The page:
Interestingly, only last year Google was cleared of similar charges involving secret eavesdropping on millions of Americans via open Wi-Fi routers. The Federal Communications Commission, as cited by Wired Magazine, said that between 2008 and 2010, “Google’s Street View cars collected names, addresses, telephone numbers, URL’s, passwords, e-mail, text messages, medical records, video and audio files, and other information from internet users in the United States.”
But the commission let Google off with a $25,000 fine for trying to slow down the investigation.
However, considering the second case, the situation appears
markedly different, because the broad implications from a class
action lawsuit with half a billion of users worldwide behind it
could mean court fines that will defy imagination.
The Gmail case involves a whole gamut of users – both Google and
outsiders. The company stands accused of scanning incoming and
outgoing mail for words and clues to build a personalized user
profile, one that would allow the company to target the user with
specific advertisements and services.
The matter reached Lucy H. Koh, a respected judge with a reputation for fearlessly handling Silicon Valley cases, who made headlines for asking an Apple lawyer if he was “smoking crack” during a major patent battle against Samsung recently.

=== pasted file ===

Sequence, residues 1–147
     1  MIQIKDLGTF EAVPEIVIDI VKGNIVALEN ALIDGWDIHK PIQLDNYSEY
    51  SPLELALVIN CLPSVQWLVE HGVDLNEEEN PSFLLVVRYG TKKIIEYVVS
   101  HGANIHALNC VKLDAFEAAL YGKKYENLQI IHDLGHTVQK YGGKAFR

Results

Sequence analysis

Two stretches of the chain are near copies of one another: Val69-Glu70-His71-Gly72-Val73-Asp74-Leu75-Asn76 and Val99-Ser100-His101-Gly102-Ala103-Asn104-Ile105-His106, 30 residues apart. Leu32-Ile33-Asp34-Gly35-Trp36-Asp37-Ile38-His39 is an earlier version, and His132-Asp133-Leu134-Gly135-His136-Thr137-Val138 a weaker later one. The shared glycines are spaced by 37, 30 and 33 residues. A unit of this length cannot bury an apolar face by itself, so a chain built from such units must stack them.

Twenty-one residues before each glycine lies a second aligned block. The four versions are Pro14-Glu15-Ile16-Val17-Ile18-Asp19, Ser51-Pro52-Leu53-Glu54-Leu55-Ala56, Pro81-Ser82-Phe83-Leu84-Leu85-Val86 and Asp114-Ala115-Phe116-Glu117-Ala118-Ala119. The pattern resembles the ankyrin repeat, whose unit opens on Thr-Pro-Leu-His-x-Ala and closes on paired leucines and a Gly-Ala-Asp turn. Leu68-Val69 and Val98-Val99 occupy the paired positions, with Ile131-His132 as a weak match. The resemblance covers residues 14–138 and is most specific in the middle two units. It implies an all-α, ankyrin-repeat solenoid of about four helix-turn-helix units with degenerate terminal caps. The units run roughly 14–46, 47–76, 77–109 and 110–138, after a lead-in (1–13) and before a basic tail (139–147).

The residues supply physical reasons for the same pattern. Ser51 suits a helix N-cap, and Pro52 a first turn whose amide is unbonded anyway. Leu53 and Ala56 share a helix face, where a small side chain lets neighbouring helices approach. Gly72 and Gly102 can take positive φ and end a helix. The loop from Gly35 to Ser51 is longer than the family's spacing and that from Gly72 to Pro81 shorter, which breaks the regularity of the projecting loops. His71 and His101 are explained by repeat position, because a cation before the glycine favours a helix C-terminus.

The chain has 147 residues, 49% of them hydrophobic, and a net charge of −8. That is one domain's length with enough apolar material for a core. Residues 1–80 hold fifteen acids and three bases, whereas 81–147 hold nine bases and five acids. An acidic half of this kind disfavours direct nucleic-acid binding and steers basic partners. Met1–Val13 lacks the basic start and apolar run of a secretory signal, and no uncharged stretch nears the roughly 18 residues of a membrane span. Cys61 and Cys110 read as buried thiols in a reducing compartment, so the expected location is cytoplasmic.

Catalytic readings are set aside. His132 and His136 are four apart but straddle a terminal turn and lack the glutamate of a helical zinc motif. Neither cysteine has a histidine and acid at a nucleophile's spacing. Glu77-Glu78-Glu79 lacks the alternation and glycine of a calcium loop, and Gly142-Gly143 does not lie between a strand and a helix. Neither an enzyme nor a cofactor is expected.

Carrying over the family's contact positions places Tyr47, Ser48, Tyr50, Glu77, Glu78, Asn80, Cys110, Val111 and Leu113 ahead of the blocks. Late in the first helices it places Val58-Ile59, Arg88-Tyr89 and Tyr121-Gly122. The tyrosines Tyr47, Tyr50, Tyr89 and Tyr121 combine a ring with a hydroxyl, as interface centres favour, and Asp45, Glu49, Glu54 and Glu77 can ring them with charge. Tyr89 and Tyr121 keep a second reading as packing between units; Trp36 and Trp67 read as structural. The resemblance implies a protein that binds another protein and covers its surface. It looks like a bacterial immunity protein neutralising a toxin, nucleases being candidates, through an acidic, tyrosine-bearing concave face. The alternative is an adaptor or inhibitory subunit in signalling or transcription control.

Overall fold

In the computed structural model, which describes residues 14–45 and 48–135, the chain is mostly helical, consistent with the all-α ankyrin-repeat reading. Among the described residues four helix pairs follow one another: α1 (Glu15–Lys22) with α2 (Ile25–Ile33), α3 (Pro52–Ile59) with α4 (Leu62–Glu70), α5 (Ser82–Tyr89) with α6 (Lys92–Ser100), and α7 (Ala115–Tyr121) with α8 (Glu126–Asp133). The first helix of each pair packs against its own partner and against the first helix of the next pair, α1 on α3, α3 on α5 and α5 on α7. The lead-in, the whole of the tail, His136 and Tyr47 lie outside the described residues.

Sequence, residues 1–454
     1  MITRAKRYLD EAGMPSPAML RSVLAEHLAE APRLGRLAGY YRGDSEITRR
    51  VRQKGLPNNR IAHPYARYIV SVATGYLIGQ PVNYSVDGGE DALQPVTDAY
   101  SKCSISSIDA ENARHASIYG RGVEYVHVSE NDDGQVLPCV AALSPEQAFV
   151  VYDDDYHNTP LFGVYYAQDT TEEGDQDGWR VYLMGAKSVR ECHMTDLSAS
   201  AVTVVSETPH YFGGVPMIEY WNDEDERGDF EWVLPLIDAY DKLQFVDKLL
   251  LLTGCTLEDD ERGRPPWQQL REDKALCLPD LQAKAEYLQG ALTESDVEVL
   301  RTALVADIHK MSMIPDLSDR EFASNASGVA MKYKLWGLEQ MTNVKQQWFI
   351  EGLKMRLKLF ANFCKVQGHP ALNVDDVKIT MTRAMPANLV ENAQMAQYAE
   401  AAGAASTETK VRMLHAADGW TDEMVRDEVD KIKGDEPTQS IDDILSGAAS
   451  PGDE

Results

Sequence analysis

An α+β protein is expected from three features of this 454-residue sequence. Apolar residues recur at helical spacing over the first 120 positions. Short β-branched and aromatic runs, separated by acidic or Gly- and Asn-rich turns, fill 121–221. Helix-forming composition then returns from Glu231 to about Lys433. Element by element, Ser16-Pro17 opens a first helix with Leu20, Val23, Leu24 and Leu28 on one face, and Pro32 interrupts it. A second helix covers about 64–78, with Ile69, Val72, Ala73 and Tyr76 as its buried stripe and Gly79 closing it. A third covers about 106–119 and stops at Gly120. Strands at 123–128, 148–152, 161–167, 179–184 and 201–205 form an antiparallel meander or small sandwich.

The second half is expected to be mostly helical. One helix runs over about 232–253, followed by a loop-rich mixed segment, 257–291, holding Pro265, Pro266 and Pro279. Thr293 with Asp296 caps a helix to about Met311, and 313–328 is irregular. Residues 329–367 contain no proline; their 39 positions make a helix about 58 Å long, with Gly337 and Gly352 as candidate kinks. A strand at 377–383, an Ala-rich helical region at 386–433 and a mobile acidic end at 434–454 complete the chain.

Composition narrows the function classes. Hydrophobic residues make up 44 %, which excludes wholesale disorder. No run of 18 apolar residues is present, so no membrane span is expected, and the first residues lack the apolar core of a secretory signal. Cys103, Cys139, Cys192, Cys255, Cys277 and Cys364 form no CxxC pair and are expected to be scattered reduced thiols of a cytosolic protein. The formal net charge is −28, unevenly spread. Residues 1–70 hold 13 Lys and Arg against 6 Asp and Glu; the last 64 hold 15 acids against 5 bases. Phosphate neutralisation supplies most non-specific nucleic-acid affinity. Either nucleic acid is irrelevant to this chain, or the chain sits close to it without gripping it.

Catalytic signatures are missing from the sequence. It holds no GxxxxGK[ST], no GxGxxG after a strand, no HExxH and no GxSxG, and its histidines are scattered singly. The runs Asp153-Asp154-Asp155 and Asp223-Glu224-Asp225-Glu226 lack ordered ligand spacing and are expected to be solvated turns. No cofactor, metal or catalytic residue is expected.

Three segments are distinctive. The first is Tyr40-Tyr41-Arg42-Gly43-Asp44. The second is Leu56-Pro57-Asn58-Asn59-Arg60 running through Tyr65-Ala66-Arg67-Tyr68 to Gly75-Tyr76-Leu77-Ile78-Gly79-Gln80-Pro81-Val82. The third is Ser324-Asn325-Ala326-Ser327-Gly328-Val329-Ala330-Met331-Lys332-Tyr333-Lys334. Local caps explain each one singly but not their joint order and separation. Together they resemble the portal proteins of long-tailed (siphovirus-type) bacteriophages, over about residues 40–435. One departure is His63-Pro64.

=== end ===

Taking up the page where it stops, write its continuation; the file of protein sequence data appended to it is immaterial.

On September 26, Koh decided to grant Google’s request to dismiss the state’s claims regarding the allegedly unlawful wiretapping, but allowed the plaintiffs to refile their cases. More importantly, however, the federal claims remained. Koh rejected Google’s explanation that by becoming subscribers its users had somehow agreed to being spied on in such fashion.
“The court finds that it cannot conclude that any party – Gmail users or non-Gmail users – has consented to Google’s reading of e-mail for the purposes of creating user profiles or providing targeted advertising,” the Judge said in the ruling, as cited by Bloomberg.
Koh attacked almost every argument Google has made in the case: “Accepting Google’s theory of implied consent — that by merely sending e-mails to or receiving e-mails from a Gmail user, a non-Gmail user has consented to Google’s interception of such e-mails for any purposes — would eviscerate the rule against interception.”
The Judge explained that sending and receiving e-mails and creating targeted advertising profiles in the process have nothing to do with each other.
In the case involving alleged Gmail wiretapping, Google tried to push through a motion to dismiss in June. But the lawyers for the plaintiffs mounted a counter-argument. They accused Google of using Gmail as “its own secret data-mining machine, which intercepts, warehouses, and uses, without consent, the private thoughts and ideas of millions of unsuspecting Americans who transmit e-mail messages through Gmail.”
Google, for its part, said in July that their activities were being criminalized, adding that its data-gathering was automated and not overseen by a human being, much as anti-virus software catches viruses. They added that even non-Gmail users had no grounds on which to complain, as any correspondence received by the company’s servers from outside is managed according to the natural order of things.
The giant’s lawyers are disappointed with both court rulings, but offered no comment apart from a statement about considering a further course of action.